A Book of Myths
Page: 78“To men who live their little lives and work and die as I myself—though son of a nymph and of a god—must do,” he said, “I have brought two great gifts, oh my mother. I have taught them that from the grey olives they can reap a priceless harvest, and from me they have learned that the little brown bees that hum in and out of the flowers may be made slaves that bring to them the sweetest riches of which Nature may be robbed.”
“This do I already know, my son,” said Cyrene, and smiled upon Aristæus.
“Yet dost thou not know,” said Aristæus, “the doom that has overtaken my army of busy workers. No longer does there come from my city of bees the boom of many wings and many busy little feet as they fly, swift and strong, hither and thither, to bring back [Pg 157] to the hives their honeyed treasure. The comb is empty. The bees are all dead—or, if not dead, they have forsaken me forever.”
Then spoke Cyrene. “Hast heard, my son,” she said, “of Proteus? It is he who herds the flocks of the boundless sea. On days when the South Wind and the North Wind wrestle together, and when the Wind from the East smites the West Wind in shame before him, thou mayst see him raise his snowy head and long white beard above the grey-green waves of the sea, and lash the white-maned, unbridled, fierce sea-horses into fury before him. Proteus only—none but Proteus—can tell thee by what art thou canst win thy bees back once more.”
Then Aristæus with eagerness questioned his mother how he might find Proteus and gain from him the knowledge that he sought, and Cyrene answered: “No matter how piteously thou dost entreat him, never, save by force, wilt thou gain his secret from Proteus. Only if thou canst chain him by guile as he sleeps and hold fast the chains, undaunted by the shapes into which he has the power to change himself, wilt thou win his knowledge from him.”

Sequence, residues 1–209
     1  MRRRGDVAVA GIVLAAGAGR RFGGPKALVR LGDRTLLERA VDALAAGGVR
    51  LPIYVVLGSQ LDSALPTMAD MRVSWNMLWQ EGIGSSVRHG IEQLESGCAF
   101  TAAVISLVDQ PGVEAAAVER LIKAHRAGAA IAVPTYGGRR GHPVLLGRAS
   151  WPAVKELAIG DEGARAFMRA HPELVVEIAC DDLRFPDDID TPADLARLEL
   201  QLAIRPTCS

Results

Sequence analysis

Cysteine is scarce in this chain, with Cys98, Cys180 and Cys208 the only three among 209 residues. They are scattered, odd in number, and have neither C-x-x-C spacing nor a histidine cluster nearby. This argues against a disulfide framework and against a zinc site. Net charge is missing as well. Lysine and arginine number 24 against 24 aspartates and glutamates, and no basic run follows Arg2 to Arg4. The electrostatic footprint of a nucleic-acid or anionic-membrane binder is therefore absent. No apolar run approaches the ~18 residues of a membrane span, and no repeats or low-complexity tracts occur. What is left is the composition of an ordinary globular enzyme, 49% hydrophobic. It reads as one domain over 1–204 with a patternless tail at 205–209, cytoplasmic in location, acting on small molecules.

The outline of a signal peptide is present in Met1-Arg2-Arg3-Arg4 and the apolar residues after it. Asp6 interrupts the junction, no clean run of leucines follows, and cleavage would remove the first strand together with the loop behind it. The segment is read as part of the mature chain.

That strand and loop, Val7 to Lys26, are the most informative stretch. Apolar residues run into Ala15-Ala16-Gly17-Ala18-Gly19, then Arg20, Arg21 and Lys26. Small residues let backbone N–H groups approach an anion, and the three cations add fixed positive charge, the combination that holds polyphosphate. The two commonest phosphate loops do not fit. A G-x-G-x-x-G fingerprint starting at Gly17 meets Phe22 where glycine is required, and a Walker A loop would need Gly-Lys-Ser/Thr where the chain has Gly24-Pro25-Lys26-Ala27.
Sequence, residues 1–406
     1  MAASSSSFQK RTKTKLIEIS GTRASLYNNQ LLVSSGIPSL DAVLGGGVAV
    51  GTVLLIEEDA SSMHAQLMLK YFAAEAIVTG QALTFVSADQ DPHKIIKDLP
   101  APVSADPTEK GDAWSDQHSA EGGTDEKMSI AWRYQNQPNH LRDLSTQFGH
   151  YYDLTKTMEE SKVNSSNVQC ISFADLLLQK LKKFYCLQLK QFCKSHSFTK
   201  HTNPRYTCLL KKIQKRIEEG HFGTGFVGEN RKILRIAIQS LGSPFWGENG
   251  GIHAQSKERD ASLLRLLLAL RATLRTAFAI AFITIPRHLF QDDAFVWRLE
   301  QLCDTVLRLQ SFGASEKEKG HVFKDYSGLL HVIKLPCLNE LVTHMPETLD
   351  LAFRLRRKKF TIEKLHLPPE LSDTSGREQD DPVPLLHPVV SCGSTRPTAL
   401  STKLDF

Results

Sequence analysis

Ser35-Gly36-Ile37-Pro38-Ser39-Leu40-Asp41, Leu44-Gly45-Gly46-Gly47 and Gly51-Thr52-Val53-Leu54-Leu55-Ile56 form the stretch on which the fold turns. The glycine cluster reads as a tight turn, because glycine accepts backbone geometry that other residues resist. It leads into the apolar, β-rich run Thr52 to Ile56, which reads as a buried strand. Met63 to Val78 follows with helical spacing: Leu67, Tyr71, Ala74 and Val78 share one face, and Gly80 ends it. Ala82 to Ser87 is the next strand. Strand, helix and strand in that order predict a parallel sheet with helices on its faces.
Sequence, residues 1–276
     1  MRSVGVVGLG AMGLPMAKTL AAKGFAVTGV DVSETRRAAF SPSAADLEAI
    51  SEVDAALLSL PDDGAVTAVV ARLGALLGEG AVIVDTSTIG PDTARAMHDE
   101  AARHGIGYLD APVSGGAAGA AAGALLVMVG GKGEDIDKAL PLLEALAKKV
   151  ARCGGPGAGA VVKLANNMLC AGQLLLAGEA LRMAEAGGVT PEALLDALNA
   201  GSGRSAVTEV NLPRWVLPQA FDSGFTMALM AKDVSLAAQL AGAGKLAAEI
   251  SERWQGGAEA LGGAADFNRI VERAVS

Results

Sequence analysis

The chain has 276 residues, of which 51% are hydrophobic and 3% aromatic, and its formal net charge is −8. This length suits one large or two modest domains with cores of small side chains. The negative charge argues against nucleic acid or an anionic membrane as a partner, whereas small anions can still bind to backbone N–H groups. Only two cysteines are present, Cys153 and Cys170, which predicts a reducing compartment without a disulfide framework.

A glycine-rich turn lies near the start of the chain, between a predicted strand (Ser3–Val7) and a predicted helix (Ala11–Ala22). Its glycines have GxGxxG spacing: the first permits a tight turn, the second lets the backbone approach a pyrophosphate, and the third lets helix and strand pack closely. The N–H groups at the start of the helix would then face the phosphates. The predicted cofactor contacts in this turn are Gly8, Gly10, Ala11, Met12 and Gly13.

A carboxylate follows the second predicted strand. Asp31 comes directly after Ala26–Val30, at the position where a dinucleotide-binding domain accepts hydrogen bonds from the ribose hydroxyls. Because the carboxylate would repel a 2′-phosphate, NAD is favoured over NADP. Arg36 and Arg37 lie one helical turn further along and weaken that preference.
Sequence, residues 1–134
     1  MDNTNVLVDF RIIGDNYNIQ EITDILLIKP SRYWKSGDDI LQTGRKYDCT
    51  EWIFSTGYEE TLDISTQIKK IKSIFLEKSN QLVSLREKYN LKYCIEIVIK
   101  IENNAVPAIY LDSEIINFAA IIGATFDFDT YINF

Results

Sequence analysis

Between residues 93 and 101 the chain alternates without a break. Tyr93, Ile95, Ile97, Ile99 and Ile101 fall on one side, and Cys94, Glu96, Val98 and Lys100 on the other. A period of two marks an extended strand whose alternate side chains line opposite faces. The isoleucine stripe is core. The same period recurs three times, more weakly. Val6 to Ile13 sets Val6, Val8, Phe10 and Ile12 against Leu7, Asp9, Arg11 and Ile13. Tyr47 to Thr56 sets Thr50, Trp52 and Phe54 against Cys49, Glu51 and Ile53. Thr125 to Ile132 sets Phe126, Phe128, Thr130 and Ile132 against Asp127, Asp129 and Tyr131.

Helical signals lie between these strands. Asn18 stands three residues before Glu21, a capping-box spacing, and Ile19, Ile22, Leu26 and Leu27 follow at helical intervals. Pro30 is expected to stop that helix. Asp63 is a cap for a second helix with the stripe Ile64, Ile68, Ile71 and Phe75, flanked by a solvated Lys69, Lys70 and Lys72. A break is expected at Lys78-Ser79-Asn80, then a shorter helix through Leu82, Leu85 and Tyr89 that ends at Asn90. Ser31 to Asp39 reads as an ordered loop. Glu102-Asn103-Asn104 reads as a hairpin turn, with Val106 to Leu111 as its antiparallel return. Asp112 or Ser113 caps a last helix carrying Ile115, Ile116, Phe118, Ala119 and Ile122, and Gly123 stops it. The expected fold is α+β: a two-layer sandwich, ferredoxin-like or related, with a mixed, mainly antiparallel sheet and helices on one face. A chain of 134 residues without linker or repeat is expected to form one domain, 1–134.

“Lead me now to Proteus, oh my mother!” he said, and Cyrene left her throne and led him to the cave where Proteus, herdsman of the seas, had his dwelling. Behind the seaweed-covered rocks Aristæus [Pg 158] concealed himself, while the nymph used the fleecy clouds for her covering. And when Apollo drove his chariot across the high heavens at noon, and all land and all sea were hot as molten gold, Proteus with his flocks returned to the shade of his great cave by the sobbing sea, and on its sandy floor he stretched himself, and soon lay, his limbs all lax and restful, in the exquisite joy of a dreamless sleep. From behind the rocks Aristæus watched him, and when, at length, he saw that Proteus slept too soundly to wake gently he stepped forward, and on the sleep-drowsed limbs of Proteus fixed the fetters that made him his captive. Then, in joy and pride at having been the undoing of the shepherd of the seas, Aristæus shouted aloud. And Proteus, awaking, swiftly turned himself into a wild boar with white tusks that lusted to thrust themselves into the thighs of Aristæus. But Aristæus, unflinching, kept his firm hold of the chain. Next did he become a tiger, tawny and velvet black, and fierce to devour. And still Aristæus held the chain, and never let his eye fall before the glare of the beast that sought to devour him. A scaly dragon came next, breathing out flames, and yet Aristæus held him. Then came a lion, its yellow pelt scented with the lust of killing, and while Aristæus yet strove against him there came to terrify his listening ears the sound of fire that lapped up and thirstily devoured all things that would stand against it. And ere the crackle of the flames and their great sigh of fierce desire had ceased, there came in his ears the sound of many waters, the booming rush of an angry river in furious flood, the [Pg 159] irresistible command of the almighty waves of the sea. Yet still Aristæus held the chains, and at last Proteus took his own shape again, and with a sigh like the sigh of winds and waves on the desolate places where ships become wrecks, and men perish and there is never a human soul to save or to pity them, he spoke to Aristæus.